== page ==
The two-story Cherrydale has 4,960 square feet and 11 rooms. The house also has eight fireplaces and five bathrooms. Since 1976, the house has been listed on the National Register of Historic Places.
While Cherrydale is certainly a good-sized structure, it isn’t the biggest thing the Matyiko brothers have moved over the years. Some of the brothers’ larger cargo has included a 2,000-ton lighthouse, a smokestack 130 feet tall and 18 feet in diameter, a B-52 airplane, a dairy barn, and a Victorian Williamsburg house
Cherrydale served as the summer home of Furman’s first president, James Clement Furman, in the mid-1800s.
-- Shannon Wilkerson
This month, consultants from TIAA-CREF will be on campus to present retirement and financial planning workshops. These workshops will be tailored to everyone: early, mid- or late career. So no matter where you are in life, one of the workshops can help you as you prepare for your future. One-on-one counseling will be offered in April when the counselors return to campus. Details on these programs will be sent via campus mail or e-mail.
The office support luncheon will be held on March 24. This luncheon is given each spring as a way of saying thank you for the many contributions made by the individuals who provide office and administrative support. In previous years, the luncheon occurred over a two-day period, but this year the luncheon is scheduled for one day so that all of the office support staff can attend together. Invitations will be sent by campus mail.
Mark your calendar for a two-day campus blood drive on March 29 and 30. More specifics will be provided at a later date.
In February, the cholesterol screening and basketball programs proved to be extremely popular. Several of you are on a waiting list for the next offering of the cholesterol program, and we will let you know when this program is scheduled. Thank you for supporting the wellness programs, and watch for additional programs each month.
Open enrollment is over and the new year for your insurance benefits is under way. We hope that your experiences with Cigna will be positive. However, if you have a claim problem that is not solved after your first call to Cigna, please remember we are here to help you.
We will need to know the doctor’s name, service date and nature of the problem. A copy of the Explanation of Benefits Form from Cigna helps as well. Please stop by the Personnel Office or call Giselle Williams at extension 3106 for assistance.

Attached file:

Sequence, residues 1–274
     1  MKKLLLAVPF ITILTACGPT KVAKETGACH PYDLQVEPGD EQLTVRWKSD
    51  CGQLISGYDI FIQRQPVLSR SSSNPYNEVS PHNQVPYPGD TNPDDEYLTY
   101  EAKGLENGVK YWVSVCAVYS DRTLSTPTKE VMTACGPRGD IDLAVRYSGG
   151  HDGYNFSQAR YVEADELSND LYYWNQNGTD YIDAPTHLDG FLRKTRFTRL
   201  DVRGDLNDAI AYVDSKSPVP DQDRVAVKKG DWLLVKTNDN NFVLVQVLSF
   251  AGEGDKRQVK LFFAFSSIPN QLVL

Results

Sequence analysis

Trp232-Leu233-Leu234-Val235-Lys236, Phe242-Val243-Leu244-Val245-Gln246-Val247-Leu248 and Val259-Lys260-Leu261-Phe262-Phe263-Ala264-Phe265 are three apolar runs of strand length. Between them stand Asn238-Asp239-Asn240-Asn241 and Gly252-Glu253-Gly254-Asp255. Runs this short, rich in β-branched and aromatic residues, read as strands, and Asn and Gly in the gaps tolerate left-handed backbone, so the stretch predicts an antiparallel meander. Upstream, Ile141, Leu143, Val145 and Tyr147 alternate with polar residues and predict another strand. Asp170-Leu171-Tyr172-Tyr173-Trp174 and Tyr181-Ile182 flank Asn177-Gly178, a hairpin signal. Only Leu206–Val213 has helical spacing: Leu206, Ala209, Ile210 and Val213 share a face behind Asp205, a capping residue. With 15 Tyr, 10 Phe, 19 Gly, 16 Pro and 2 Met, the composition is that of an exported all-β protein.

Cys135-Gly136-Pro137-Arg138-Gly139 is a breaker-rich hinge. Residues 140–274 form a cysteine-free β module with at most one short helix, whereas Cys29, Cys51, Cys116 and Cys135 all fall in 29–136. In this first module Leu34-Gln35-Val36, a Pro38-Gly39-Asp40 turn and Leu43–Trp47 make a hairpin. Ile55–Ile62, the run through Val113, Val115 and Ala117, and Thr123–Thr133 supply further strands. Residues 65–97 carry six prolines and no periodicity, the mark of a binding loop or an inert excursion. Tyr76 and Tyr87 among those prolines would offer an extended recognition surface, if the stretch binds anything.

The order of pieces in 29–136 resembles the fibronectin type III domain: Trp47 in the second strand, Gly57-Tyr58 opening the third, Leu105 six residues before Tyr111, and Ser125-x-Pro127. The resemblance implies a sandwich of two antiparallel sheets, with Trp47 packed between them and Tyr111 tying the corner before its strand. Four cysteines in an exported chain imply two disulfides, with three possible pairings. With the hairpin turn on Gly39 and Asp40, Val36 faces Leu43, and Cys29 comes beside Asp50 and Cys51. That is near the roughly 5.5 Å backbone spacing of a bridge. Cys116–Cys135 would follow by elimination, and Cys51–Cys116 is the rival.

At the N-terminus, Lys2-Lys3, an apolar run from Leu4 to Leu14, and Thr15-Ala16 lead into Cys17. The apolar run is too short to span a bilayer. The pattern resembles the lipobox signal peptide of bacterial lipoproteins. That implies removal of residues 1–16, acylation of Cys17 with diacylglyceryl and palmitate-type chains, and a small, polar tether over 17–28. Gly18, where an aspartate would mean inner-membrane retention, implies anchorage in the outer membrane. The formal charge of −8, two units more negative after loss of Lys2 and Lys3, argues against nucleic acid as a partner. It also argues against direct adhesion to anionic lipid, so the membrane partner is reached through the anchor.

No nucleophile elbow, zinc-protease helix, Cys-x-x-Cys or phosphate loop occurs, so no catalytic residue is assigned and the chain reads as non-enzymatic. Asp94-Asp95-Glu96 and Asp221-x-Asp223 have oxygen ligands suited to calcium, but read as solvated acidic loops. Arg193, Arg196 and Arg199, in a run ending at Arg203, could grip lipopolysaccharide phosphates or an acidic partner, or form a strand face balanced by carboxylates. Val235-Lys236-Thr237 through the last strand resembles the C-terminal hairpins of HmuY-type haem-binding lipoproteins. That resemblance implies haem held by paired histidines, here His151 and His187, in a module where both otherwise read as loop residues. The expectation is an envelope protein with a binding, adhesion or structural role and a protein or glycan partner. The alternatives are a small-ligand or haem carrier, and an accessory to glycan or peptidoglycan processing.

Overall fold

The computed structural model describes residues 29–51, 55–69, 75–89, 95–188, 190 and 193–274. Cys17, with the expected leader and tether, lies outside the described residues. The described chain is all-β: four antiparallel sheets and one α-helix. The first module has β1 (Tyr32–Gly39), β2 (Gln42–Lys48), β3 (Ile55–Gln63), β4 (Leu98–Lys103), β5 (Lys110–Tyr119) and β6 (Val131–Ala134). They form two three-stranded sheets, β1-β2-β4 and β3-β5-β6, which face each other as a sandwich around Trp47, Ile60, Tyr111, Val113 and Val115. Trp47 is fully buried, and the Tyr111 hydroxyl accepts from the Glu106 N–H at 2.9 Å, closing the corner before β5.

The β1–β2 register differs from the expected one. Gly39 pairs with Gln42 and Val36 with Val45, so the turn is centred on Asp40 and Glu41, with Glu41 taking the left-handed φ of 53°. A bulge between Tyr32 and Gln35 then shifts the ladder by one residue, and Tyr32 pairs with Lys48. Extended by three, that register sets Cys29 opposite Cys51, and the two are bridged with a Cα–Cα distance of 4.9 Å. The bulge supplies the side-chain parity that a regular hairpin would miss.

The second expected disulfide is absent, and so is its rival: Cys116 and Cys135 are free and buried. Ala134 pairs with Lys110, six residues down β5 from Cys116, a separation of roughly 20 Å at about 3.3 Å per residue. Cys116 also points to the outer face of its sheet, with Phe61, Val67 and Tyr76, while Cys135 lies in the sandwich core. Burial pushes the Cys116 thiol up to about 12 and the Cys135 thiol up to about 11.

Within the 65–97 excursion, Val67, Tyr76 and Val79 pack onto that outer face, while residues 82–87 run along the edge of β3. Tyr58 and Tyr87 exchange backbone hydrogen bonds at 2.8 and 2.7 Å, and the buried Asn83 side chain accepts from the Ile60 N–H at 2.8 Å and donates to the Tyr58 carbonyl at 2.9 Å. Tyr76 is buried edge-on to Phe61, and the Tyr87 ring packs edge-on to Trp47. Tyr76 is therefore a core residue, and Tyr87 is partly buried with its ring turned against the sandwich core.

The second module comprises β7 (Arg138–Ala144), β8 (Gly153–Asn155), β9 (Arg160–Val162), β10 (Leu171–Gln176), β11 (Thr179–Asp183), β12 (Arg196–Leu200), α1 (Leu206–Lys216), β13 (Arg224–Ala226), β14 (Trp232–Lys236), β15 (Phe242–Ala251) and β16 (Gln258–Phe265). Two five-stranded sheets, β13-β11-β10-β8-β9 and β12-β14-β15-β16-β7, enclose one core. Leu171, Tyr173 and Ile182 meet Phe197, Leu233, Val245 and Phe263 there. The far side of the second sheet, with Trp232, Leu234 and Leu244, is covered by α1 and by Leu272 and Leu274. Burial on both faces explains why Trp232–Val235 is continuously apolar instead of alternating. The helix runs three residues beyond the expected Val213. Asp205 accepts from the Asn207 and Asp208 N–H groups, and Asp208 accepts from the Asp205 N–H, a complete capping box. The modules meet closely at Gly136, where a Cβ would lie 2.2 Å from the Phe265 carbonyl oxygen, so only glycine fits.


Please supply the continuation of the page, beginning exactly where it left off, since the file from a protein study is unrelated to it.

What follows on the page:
Also, you may pick up a Cigna Healthcare list of Psychologists, Psychiatrists, social workers and facilities for counseling that will be covered at “in network” at the Personnel Office.
-- Doris Foster
Furman’s men’s and women’s basketball teams lost in the early rounds of the Southern Conference Tournament the last weekend in February. The men won their opener over VMI 57-49, but lost to eventual champ College of Charleston 98-74 in the second round to finish the season 12-16. The women fell to Davidson 62-56 in the quarterfinal round and finished the year with a 13-14 mark.
Next year, Furman and the Bi-Lo Center will team up to host the Southern Conference Tournament, which comes to Greenville for the first time since 1976. While the men’s tournament will be contested entirely at the Bi-Lo Center, the first and second rounds of the women’s tournament will be played on campus at Timmons Arena. The tournament is scheduled for Greenville in 2000 and 2001 before moving to the North Charleston Arena for two years beginning in 2002. Furman and the Southern Conference will host first- and second-round games in the NCAA Tournament in 2002.
With the weather hinting of approaching spring, Furman’s football team began spring practice with hopes of turning around last year’s 5-6 record. It was also announced recently that Furman will take on North Carolina in Chapel Hill on October 30. The scheduling opportunity arose after Kent State opted out of its 1999 game with the Tar Heels. The Paladins, who had already scheduled 11 games, made room on their schedule by agreeing with South Carolina State to postpone this year’s game with the Bulldogs in Orangeburg until next year. In addition, Furman and South Carolina State announced a two-year extension of the popular state rivalry.
The coming of warmer weather has also brought the start of Furman’s baseball, softball and tennis seasons. After a slow start, Furman’s baseball team registered its first win of the campaign by downing UNC-Asheville 2-1 on February 19. The softball team counts early season wins over Georgia Tech and USC-Spartanburg. Men’s tennis, meanwhile, opened with a 4-3 record, and the Lady Paladins started 3-1 thanks to the strong play of freshman Megan Dunigan, who is currently ranked 96th nationally in singles. Sophomore Lee Nickell has taken over the top singles slot for the Paladin men’s program and counts a win over the 49th-ranked player in the nation, Duke’s Doug Root.
In personnel moves, Furman has hired Keylor Chan as the new volleyball coach, replacing Cole Tallman, who is moving to the University of St. Thomas in Minnesota. Chan comes to Furman from Northwestern University, where he served as an assistant coach.
-- Hunter Reid